This page presents insights by Rabbi Tuvia Bolton on the weekly Torah portion.
The latest article is posted here once a week. You can search the archive for past articles.
Parshat Metzora (5760)
This week's section continues and concludes the laws of the Torah impurity-disease 'Tzoraas' that we began reading about in last week's Torah portion "Tazria'.
At first glance all this information is totally obsolete. Tzoraas 'disease' does not exist today and even in the days of Moshiach it won't return. Tzoraas was caused by evil, harmful talk and in the days of Moshiach mankind will be perfected and such egotistical sins will be passé.
But, in fact, the Torah is a book of practical lessons (Torah means Teaching) so somehow this lesson of Tzoraas must be relevant to us now and especially to the approaching holiday of Passover (less than two weeks away) which is the birth and basis of the Jewish people. But how?
Here is a story that I hope will explain.
The scene is 250 years ago in the Ukrainian town of Braditchiv. It was well after midnight on the night of Passover and the great Tzaddik (Holy Man) Rabbi Levi Yitzchak of Braditchev had just finished leading his pupils through the traditional Passover Seder according to all the mystical and esoteric principles found in the Kabalistic works of Judaism.
The pupils had never experienced such an evening. They felt as though they had gone out of all their limitations and entered a new world of pure G-dliness.
Suddenly the room filled with the sound of massive thunder, and an awesome voice announced, "Rabbi Levi Yitzchak, your Seder was pleasing to G-d, but there is a Jew in Braditchev called Shmerl-the-tailor who was better!!!!"
The Rebbe looked at his pupils to see how they reacted to this voice but they had heard nothing! Only he had heard the thunderous announcement.
"Have any of you heard of a Jew called Shmerl the tailor?" He asked.
After several minutes of silence one of the elderly Chassidim piped up and said, "There's no tailor here by that name. I know all the tailors here. But, if I remember correctly there used to be a tailor by that name about thirty years ago, but he only lasted for a month or so. He was terrible! All his garments fell apart. I think he's still alive though. If I'm not mistaken he's the one they call Shmerl-the-Shikkur (drunkard) and he and his wife live in a few old large shipping crates near the docks."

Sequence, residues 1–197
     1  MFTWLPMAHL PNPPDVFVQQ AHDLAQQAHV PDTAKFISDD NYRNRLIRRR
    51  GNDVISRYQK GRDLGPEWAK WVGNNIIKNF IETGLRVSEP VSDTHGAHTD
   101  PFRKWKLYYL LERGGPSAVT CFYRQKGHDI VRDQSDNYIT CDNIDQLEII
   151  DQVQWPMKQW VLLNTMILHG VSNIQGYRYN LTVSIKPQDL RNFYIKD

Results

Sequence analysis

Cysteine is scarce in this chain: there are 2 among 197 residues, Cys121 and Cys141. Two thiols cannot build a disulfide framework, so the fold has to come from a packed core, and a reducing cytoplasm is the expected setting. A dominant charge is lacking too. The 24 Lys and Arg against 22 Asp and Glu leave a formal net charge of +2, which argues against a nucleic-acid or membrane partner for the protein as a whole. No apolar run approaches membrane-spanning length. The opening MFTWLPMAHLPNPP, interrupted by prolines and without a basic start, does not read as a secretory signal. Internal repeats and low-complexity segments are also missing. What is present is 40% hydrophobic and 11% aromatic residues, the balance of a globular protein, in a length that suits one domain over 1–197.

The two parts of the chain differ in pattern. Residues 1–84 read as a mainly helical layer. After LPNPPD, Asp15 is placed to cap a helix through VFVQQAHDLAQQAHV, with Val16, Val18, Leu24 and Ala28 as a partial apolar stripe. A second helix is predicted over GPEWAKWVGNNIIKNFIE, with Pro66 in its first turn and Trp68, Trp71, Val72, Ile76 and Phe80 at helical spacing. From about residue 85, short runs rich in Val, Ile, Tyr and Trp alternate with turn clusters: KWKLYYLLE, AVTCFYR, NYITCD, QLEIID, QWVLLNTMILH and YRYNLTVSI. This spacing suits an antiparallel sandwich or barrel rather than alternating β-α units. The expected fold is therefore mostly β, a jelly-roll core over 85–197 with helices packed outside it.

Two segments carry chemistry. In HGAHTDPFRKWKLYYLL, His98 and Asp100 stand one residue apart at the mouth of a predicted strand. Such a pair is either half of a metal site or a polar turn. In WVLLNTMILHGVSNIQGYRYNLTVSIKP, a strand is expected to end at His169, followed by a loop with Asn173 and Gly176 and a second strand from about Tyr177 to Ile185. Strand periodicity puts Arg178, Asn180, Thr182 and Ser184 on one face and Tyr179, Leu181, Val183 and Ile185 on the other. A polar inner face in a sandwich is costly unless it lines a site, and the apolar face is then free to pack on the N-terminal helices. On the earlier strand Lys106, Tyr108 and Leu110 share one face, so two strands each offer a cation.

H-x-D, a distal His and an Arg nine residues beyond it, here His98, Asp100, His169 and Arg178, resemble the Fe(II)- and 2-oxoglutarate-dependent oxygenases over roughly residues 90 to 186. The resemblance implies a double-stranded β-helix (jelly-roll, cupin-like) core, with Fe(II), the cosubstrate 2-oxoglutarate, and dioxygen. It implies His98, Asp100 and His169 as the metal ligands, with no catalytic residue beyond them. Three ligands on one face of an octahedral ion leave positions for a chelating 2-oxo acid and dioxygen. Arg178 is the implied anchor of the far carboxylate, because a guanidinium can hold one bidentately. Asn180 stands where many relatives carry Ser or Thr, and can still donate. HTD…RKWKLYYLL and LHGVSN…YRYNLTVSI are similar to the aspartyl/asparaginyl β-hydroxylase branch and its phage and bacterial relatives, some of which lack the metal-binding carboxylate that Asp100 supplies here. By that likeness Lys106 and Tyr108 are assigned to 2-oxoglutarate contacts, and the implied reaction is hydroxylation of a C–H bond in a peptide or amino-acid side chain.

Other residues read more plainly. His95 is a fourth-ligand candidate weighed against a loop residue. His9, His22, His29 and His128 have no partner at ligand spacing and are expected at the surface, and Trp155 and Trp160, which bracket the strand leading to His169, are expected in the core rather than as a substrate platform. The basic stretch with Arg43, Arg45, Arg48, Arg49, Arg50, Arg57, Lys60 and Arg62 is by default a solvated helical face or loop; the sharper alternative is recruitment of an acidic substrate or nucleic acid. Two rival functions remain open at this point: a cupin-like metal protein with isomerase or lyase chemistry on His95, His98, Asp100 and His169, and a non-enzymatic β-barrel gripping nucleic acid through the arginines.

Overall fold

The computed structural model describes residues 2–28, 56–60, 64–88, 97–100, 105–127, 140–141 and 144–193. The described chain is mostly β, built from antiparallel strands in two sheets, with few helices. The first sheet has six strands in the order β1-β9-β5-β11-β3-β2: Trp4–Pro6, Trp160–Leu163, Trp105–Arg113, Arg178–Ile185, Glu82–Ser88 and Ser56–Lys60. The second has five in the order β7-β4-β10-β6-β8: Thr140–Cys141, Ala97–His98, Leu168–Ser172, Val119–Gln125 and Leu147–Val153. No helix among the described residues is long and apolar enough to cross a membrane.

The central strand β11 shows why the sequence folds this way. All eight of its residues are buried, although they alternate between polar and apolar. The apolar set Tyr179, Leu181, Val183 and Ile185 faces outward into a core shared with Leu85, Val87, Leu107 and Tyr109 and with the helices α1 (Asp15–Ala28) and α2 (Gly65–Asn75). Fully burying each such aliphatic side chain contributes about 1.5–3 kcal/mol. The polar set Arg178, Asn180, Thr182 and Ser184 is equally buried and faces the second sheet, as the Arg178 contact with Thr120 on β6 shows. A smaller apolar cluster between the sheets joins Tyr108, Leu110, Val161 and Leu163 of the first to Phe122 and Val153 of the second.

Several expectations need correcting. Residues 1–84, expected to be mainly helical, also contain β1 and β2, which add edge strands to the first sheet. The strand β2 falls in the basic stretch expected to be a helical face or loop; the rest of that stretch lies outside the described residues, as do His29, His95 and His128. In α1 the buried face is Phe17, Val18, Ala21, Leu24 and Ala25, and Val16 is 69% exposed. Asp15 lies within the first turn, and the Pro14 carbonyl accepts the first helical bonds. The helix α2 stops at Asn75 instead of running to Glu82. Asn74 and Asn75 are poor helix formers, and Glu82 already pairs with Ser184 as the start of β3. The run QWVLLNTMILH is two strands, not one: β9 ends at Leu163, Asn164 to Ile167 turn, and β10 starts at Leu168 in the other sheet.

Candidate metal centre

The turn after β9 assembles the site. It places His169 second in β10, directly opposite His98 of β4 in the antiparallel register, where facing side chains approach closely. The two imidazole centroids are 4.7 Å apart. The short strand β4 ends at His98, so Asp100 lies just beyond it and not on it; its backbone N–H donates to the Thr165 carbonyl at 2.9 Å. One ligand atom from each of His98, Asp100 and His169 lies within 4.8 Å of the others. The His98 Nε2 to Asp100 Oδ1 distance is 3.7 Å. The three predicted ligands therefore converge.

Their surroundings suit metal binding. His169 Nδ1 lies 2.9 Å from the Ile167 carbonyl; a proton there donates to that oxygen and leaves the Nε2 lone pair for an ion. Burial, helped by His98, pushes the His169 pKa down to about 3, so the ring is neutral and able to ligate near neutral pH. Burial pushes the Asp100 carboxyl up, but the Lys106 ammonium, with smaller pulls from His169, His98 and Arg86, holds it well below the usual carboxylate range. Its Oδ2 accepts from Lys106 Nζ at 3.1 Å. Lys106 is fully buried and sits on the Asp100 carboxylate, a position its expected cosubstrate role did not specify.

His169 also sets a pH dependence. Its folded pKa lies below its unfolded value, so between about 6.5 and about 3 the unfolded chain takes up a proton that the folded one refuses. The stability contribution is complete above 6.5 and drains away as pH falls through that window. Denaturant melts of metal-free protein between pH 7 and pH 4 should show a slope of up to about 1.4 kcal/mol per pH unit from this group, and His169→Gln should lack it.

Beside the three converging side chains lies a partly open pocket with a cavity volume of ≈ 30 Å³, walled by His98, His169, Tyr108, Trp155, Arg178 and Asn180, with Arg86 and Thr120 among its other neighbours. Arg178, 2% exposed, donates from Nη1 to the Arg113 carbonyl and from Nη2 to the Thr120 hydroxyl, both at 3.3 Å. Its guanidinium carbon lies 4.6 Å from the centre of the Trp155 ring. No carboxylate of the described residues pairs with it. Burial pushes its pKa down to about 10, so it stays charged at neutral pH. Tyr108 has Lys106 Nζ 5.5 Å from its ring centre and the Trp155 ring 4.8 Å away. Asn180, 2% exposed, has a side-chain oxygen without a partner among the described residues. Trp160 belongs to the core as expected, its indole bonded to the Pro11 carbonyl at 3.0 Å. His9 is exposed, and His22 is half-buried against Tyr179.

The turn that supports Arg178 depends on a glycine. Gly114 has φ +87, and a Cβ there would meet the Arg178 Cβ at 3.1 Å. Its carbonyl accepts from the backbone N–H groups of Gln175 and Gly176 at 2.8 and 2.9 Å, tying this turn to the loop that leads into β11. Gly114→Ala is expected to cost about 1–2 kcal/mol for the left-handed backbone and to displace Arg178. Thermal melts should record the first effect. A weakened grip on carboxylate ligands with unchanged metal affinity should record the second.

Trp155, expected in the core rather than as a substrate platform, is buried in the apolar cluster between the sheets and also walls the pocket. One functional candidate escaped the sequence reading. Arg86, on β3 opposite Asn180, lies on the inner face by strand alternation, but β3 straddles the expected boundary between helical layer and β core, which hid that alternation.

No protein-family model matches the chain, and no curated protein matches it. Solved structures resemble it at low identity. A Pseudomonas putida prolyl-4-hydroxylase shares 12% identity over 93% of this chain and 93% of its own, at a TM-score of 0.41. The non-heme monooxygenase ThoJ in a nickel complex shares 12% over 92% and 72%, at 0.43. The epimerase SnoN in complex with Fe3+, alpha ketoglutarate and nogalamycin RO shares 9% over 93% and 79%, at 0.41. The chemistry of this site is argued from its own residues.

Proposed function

Rabbi Levi Yitchak was thinking to himself, 'Aha, this must be one of the hidden Mystics living here in my town and I knew nothing about it!'
In fifteen minutes, the Rabbi was standing in front of Shmerl's door, close to three in the morning, and when he heard what sounded like someone moving around inside, he knocked.
The door opened and an old Jewish lady poked her head out of the door. "Good Yom Tov!" said Rav Levi quietly," Please excuse me for the late hour but is your husband Shmerl awake?" " Rabbi! What are you doing here?! Ehh? Shmerl? My husband? You want Shmerl? Good!! Rebbe, wait right here. Don't go away. I'll bring him!"
She disappeared back into the house and the unmistakable sound of a bucket being filled with water was heard from inside followed by a minute or two of silence and suddenly… SPLASH! She threw the bucket of water on her sleeping husband!!
"Aaahh!!! Oyyy!!! Where am I?? OOIY VAI!!! The ship is sinking! We're all drowning!" He screamed, and then his wife chimed in shouting.
"Get up you drunk!!! The Rabbi has come to punish you!!! Wake up you good for nothing!!!!"
Poor Shmerl staggered, sopping wet, to the door and when he saw that it really was the Rabbi he fell at his feet and began weeping, "Please Rabbi don't punish me I didn't know better Please have mercy!!!"
The Rav of Braditchev was completely astounded at this bizarre scene. Could it be that this was the man that a heavenly voice announced made the best Seder?